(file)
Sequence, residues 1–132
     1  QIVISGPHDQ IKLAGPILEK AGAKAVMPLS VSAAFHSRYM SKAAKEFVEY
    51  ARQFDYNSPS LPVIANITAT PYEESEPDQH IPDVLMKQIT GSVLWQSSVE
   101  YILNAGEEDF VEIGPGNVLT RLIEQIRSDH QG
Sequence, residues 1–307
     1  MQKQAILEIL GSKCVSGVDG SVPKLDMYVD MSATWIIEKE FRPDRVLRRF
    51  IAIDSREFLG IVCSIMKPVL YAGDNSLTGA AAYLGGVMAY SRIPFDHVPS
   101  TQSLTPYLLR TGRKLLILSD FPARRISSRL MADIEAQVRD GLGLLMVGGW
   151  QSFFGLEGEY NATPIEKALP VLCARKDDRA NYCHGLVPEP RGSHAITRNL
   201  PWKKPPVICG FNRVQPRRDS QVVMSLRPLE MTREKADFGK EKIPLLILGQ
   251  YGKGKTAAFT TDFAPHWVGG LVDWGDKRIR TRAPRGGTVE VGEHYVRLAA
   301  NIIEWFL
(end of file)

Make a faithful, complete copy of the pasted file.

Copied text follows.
Sequence, residues 1–132
     1  QIVISGPHDQ IKLAGPILEK AGAKAVMPLS VSAAFHSRYM SKAAKEFVEY
    51  ARQFDYNSPS LPVIANITAT PYEESEPDQH IPDVLMKQIT GSVLWQSSVE
   101  YILNAGEEDF VEIGPGNVLT RLIEQIRSDH QG
Sequence, residues 1–307
     1  MQKQAILEIL GSKCVSGVDG SVPKLDMYVD MSATWIIEKE FRPDRVLRRF
    51  IAIDSREFLG IVCSIMKPVL YAGDNSLTGA AAYLGGVMAY SRIPFDHVPS
   101  TQSLTPYLLR TGRKLLILSD FPARRISSRL MADIEAQVRD GLGLLMVGGW
   151  QSFFGLEGEY NATPIEKALP VLCARKDDRA NYCHGLVPEP RGSHAITRNL
   201  PWKKPPVICG FNRVQPRRDS QVVMSLRPLE MTREKADFGK EKIPLLILGQ
   251  YGKGKTAAFT TDFAPHWVGG LVDWGDKRIR TRAPRGGTVE VGEHYVRLAA
   301  NIIEWFL